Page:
6 Gongming (Gabriel) Luo, Vishnu Reddy, Marcelo Almeida, Yingying Zhu, Ke Du, and Cyrus Omar After the variables are described, we create the data structure that will hold the specified memory events. The first event is a move from String::from() to s, which we specify by giving where the move is from, where the move is to, and on what line the move occurs. The second event is s going out of scope. Finally, we call render svg which renders the visualization as an SVG. The first two arguments tell the library where to find the annotated source code and the last argument is the data structure that we added our specified memory events to. This SVG can be included in a book generated using the mdbook system, which is used for generating the Rust Book [10] and other Rust documentation. The SVG can be tweaked after it is generated in situations where the teacher wants more fine-grained control over the visualization. Although somewhat complex, it is reasonably straightforward to create new visualizations given examples of existing visualizations. The benefit of manual construction is that the teacher can omit events that may not be relevant to the learning goal of the example. 4 LEARNING GOALS AND PROPOSED STUDY DESIGN 4.1 Learning Goals To evaluate the effectiveness of RustViz as a learning tool, we plan to conduct human studies to see if RustViz measurably helps learners develop a mental model for reasoning about Rust code. To that end, we determined a set of learning goals that RustViz is intended to help learners accomplish and will be used as the evaluation criteria: (1) Understand concepts related to ownership in Rust (a) Understand that each resource has a unique identifier called its owner (b) Identify when resources are dropped (c) Understand the different ways that ownership can be moved (d) Understand the difference between move and copy (2) Understand Rust’s borrowing rules (a) Understand the difference between mutable and immutable borrows (b) Understand how ownership and borrowing interact with each other (3) Understand the difference between lexical scope and non-lexical lifetimes Notably, we avoid certain concepts such as lifetime annotations, compound data types (e.g., structs and array slices), reborrowing, and the unsafe keyword. The focus of RustViz is to provide learners a good introduction to the basics of Rust’s ownership and borrowing system. 4.2 Study Format The participants in our study will be adults who are proficient in C or C but have no prior exposure to Rust, screened out through self-reporting. During the study, participants will be asked to complete three tasks: the pre-survey, the interactive tutorial, and the post-survey. In the pre-survey, participants will answer questions about their experience and familiarity with various programming languages and programming concepts. In the interactive tutorial, participants will view a series of short readings that introduce basic Rust concepts. Following each reading, participants will answer questions related to the reading’s topic, with the ability to refer back to the reading if desired. Questions may draw on concepts from a prior section. We will impose a time limit for each section that participants should be able to comfortably stay within. To measure the effect of RustViz, some participants will view readings without visualizations (the control group), while others will view readings with visualizations accompanying any example code (the treatment group). The readings will provide sufficient information to answer the questions even without visualizations.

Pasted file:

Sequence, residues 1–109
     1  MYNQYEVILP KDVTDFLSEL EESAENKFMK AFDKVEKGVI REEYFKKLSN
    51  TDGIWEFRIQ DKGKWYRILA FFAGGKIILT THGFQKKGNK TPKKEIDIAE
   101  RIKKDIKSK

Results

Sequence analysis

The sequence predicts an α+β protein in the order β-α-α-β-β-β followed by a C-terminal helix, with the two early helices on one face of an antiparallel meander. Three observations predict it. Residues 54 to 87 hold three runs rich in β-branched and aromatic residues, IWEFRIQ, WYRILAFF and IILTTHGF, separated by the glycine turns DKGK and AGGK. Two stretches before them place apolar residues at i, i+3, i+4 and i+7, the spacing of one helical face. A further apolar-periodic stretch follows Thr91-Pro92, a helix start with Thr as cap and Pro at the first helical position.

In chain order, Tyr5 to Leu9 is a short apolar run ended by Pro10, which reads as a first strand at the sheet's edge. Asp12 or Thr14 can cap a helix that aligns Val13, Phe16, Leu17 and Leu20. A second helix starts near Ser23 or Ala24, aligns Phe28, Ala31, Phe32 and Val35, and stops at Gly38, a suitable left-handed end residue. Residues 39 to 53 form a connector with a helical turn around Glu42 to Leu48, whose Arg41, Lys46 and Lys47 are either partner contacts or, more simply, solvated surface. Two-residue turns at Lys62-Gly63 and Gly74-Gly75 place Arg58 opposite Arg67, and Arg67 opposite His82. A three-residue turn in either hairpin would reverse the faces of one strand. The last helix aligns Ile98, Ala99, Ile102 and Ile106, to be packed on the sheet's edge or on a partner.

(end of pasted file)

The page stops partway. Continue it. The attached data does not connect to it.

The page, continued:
RustViz: Interactively Visualizing Ownership and Borrowing 7 After the interactive tutorial, participants will be prompted to complete a post-survey asking about their perceptions regarding the tool. Due to the time constraints of a study, this setting is likely not the most conducive to learning the material. However, we would still like to conduct the study to see if there are measurable differences between those who view the visualizations and those who do not. The qualitative feedback we receive from the study may also be helpful in finding possible improvements to RustViz. Later, we plan to conduct similar studies in a longer-term classroom setting. 4.3 Interactive Tutorial As the participants go through the interactive tutorial, we will record the time it takes for them to complete each section as well as the accuracy of their responses to the questions. By classifying questions and sections by the Rust concepts they cover (e.g., mutability, borrowing, ownership) we will be able to evaluate whether the visualization helps participants achieve the identified learning goals. In particular, we believe that decreased completion time and increased accuracy in the treatment group for questions and sections related to a specific learning goal is evidence that RustViz helps learners achieve that learning goal. One example of a question we might ask in the interactive tutorial is as follows: Consider the following Rust program. fn id(y : String) - String {y} fn f(x : String) - i32 { println!("Hello, {}!", x); let z id(x); println!("Goodbye, {}!", z); 42 } fn main() { println!("Welcome!"); { let a String::from("world"); println!("Thinking."); let q f(a); println!("The meaning of life is: {}.", q); } println!("Done."); } We would then provide the participant with the text sent to standard out and ask “The string resource that a initially owns is dropped between which two adjacent lines of output above?”. As a follow up, we could ask the participant “Describe how ownership of the string resource is moved. Your answer should take the form of a sequence of events chosen from the drop-down list. You do not need to account for calls to println! (it is a macro and does not cause a move).” 4.4 Other Collected Data We will also record the cursor movements of the participants, which will allow us to measure usage of the interactive features in RustViz. This data will be used to evaluate whether increased usage of the interactive features helps participants achieve the identified learning goals. We will use the post-survey to get qualitative feedback on RustViz. One example of a question would be to ask them to rate their agreement with the statement “The visualizations helped me develop an understanding of Rust’s borrowing rules”, which would help us further evaluate RustViz against learning goal 2. We will also use the post-survey to collect feedback on both the visualization and the study design, so we can improve them in the future.